Two Women Who Have Shaped the Restaurant World

Two Women Who Have Shaped the Restaurant World

Posted by May. 12, 2017 | BY Emma Alois on May 19th 2017

female chefs

photo credit: City Foodsters on flickr

In honor of Mother’s Day this weekend, we wanted to take a moment to appreciate the female chefs of the restaurant world. We have previously celebrated the groundbreaking work of Angela Hartnett, Gabrielle Hamilton, and Ana Roš; today we turn to two other women who have shaped the culinary world, past and present.

One is credited with pioneering a new style of American cuisine, and the other is known for inventing modern French cuisine as we know it. (You might remember her restaurant from our article about rare and endangered European recipes.) Mothers to their cuisines and mothers to their children, these two female chefs motivate, inspire, and amaze.

Dominique Crenn, the World’s Best Female Chef in 2016

French chef Dominique Crenn is the culinary rock star of this generation. Born near Versailles, while growing up Crenn explored Europe and its varied cuisines, before entering the San Francisco cooking scene in 1988. She learned from the best chefs in the city and worked in prestigious kitchens such as Campton Place and the Park Hyatt Grill.

Crenn was a natural. In her first year holding court as executive chef, the esteemed annual catalogue Access San Francisco gave her restaurant, the Yoyo Bistro at the Miyako Hotel, an impressive three-star review. After nine years in California, she moved to Indonesia to work, eventually returning to the Golden State to open Atelier Crenn and Petite Crenn.

A California influence is evident in Crenn’s cooking style. Californian cuisine borrows from Mexican and Asian cooking and emphasizes fresh, locally grown ingredients. Yet Crenn has made her own mark in New American cuisine, defying geographical culinary assumptions.

Her innovative recipes, commitment to sustainable ingredients, and high-end artisanal dishes landed her on the “50 Best Chefs in the World” list for 2016. Yet no accolade is as great as receiving not one, but two Michelin stars. As described by the Michelin Guide, Atelier Crenn serves “exquisite cuisine,” and Crenn’s talent for seafood is “otherworldly.” Crenn is the first female chef in the United States to receive two of the acclaimed stars.Eugénie Brazier, the Mother of Modern French Cooking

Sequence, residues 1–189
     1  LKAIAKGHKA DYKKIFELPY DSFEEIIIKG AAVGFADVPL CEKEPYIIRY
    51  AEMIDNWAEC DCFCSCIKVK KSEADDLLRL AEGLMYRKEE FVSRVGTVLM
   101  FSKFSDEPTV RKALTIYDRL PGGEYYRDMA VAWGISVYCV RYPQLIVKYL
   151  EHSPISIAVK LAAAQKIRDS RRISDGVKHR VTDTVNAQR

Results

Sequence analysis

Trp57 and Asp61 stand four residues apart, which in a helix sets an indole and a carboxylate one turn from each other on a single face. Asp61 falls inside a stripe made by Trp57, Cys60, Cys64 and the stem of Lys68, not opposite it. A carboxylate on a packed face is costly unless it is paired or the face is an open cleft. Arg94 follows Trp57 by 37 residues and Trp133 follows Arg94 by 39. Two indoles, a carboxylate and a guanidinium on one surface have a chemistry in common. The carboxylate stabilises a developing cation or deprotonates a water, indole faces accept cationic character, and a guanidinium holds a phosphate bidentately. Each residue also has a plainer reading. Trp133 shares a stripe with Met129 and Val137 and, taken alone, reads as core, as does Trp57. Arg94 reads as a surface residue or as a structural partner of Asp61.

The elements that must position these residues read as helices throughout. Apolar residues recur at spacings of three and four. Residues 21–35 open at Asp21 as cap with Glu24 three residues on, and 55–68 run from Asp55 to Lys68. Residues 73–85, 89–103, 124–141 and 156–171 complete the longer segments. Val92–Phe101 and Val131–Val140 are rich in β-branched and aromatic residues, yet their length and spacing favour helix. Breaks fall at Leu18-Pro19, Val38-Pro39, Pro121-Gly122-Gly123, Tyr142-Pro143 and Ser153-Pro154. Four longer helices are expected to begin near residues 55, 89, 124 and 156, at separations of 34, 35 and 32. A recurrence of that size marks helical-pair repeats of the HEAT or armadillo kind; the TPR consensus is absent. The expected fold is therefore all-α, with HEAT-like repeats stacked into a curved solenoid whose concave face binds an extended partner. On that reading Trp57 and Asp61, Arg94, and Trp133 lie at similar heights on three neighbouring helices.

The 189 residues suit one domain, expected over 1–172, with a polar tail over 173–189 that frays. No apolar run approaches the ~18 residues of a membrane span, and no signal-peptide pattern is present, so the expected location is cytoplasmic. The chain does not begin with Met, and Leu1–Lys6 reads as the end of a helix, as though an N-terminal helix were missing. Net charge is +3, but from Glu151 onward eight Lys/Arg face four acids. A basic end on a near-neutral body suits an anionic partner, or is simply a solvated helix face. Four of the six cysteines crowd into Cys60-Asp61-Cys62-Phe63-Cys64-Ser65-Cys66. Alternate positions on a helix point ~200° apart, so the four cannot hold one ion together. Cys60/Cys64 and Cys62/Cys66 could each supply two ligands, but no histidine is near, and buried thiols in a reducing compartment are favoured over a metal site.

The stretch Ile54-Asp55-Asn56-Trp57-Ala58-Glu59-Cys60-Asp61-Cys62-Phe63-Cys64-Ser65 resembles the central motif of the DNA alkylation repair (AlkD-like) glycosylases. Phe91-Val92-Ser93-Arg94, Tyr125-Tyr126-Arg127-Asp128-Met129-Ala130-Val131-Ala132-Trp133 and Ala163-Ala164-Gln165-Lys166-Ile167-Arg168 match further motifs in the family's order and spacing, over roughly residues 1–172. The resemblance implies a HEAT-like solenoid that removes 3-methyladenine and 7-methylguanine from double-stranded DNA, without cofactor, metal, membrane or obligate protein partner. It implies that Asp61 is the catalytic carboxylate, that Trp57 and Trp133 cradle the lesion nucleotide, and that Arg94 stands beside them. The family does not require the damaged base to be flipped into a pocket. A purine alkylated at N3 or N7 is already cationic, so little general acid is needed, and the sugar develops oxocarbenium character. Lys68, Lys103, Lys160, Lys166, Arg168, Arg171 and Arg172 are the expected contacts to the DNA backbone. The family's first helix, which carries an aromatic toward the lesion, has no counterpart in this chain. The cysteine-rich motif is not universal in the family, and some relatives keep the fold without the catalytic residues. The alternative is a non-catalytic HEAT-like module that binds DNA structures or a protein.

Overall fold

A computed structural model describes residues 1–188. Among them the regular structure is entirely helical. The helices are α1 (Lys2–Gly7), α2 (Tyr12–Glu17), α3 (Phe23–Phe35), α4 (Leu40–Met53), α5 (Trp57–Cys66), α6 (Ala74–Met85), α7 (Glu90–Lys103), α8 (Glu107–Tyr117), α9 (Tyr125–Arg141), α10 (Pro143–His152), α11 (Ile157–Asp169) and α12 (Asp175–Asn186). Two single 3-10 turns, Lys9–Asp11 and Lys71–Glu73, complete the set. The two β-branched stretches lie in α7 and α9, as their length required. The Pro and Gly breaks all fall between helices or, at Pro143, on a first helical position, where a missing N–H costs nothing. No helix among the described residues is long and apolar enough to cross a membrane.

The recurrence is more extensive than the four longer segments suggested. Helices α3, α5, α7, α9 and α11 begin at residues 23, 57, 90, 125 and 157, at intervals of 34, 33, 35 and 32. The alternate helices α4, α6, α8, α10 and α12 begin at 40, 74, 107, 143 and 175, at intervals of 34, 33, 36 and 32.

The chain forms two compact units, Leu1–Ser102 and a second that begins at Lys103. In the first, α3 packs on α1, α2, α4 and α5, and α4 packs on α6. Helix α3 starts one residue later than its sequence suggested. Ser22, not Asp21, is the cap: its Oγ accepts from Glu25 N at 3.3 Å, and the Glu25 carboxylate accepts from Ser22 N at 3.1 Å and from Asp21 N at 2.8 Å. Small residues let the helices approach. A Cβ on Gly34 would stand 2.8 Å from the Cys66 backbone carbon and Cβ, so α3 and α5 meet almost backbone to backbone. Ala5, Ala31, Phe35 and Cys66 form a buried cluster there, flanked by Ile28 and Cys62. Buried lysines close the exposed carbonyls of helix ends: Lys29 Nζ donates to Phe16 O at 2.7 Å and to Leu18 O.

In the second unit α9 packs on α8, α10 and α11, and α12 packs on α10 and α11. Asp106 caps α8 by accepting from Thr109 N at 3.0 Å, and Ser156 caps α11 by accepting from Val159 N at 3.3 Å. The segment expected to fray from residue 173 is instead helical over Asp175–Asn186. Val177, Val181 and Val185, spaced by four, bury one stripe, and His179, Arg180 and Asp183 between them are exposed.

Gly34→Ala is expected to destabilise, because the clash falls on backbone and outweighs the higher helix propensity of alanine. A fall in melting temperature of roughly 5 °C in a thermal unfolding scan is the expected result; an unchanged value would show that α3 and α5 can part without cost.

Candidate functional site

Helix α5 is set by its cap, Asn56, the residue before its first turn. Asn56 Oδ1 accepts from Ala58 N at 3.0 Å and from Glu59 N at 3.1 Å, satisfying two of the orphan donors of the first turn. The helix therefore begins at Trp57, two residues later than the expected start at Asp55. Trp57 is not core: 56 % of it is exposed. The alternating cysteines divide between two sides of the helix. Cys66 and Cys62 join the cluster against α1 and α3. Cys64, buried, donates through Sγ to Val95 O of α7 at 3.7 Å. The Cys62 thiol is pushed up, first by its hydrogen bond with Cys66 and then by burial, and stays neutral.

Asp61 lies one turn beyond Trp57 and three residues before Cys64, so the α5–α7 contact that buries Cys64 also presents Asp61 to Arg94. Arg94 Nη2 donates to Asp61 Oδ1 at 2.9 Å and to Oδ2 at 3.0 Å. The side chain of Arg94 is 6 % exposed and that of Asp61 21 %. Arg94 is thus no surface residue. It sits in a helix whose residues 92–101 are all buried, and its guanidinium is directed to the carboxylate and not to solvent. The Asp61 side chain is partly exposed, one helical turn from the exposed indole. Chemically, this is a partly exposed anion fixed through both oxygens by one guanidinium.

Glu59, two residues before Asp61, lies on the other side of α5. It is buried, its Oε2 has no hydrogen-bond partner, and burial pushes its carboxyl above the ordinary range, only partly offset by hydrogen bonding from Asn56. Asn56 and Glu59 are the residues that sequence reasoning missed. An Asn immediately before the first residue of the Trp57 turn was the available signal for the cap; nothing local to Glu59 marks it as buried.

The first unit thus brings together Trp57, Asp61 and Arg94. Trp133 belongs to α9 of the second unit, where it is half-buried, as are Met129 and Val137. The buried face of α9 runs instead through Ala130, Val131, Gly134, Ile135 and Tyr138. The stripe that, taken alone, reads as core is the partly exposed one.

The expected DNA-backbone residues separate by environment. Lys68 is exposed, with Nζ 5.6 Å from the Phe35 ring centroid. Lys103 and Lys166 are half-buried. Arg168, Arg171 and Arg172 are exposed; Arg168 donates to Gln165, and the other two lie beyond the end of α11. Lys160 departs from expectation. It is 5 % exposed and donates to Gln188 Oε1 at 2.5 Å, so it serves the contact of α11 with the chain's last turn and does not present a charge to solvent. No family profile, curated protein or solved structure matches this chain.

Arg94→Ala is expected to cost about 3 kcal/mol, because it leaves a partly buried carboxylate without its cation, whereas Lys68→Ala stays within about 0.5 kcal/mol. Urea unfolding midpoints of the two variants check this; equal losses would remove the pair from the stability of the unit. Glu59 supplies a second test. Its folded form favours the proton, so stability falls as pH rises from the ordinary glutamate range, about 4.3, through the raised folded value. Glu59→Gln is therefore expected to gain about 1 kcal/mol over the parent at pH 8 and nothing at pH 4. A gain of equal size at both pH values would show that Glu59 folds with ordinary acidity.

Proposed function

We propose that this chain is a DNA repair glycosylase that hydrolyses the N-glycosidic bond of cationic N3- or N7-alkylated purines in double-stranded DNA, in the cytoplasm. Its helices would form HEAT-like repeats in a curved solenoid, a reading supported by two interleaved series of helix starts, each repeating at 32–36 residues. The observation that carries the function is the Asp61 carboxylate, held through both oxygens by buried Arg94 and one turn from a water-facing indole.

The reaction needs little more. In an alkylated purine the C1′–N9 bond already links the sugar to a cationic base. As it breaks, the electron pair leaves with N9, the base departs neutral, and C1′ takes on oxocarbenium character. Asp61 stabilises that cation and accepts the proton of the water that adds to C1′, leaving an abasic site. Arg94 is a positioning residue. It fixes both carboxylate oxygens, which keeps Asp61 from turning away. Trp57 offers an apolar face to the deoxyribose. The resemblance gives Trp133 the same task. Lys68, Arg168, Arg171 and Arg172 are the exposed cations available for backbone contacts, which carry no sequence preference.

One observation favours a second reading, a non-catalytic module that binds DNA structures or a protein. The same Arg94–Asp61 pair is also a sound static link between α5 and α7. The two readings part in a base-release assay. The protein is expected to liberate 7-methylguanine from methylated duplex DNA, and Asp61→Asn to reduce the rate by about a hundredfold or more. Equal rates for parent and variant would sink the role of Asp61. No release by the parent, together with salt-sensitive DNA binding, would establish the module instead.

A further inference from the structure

Much as Dominique Crenn will continue to inspire chefs in the years to come, Eugénie Brazier inspired the previous generation of French chefs. More commonly known as La Mère Brazier (but also referred to as the “Mother of Modern French Cooking” or the “Queen of French Cooking”), Brazier can be described as the most influential chef of all time. She trained the greatest French chefs we have today, including living legends Paul Bocuse and Georges Blanc. Bocuse credits everything to her: “This exceptional woman … taught all of us about flavors and gave us a taste for hard work, and work well done. There would have been no success for any of us without her.”

In professional culinary circles, even forty years after her death, “La Mère” (1895–1977) remains synonymous with haute French cuisine.

Unfortunately, most people have never heard of La Mère. It’s remarkable, because it could be said that the highest standards of modern French cuisine are measured against those of Brazier’s cooking.

So who was the mysterious La Mère? Eugénie Brazier was the first woman to receive three Michelin stars, and the first French chef (male or female) to run restaurants that received six Michelin stars in total. Because of her success, Lyon became the culinary capital of the world. Both of her restaurants, La Mère Brazier and a restaurant at Col de la Luère (the name is now forgotten), retained their six stars for over 20 years.

All while being a single mother to her son.

Eugénie Brazier had humble beginnings, with her cooking centered on oatmeal and corn. At 20, she moved from the French countryside to Lyon, bringing her farmhouse recipes with her. She quickly impressed the city patrons, and in no time, she went from being a mentee to running her own restaurants, transforming the gastronomic scene of Lyon and France as a whole.

The wealthiest and most influential people in France flocked to her delectable creations, some of which were shockingly extravagant. For instance, the “chicken in half-mourning” volaille demi-deuil was a plump chicken baked with rounds of black truffle under the skin (the truffles giving the illusion of a black veil).

Fortunately, there is footage of some of these recipes, thanks to Anthony Bourdain. These two and a half minutes will transport you to another time in Lyon, France.

She was known for handpicking the most talented chefs and turning them into culinary geniuses. She was fastidious; she expected meticulous organization from her staff. La Mère was also feared for her temper. Her intimidating style of running a kitchen most likely influenced some later French chefs to run theirs in similar fashion.

La Mère Brazier had an illustrious career that continues to inspire female and male chefs alike.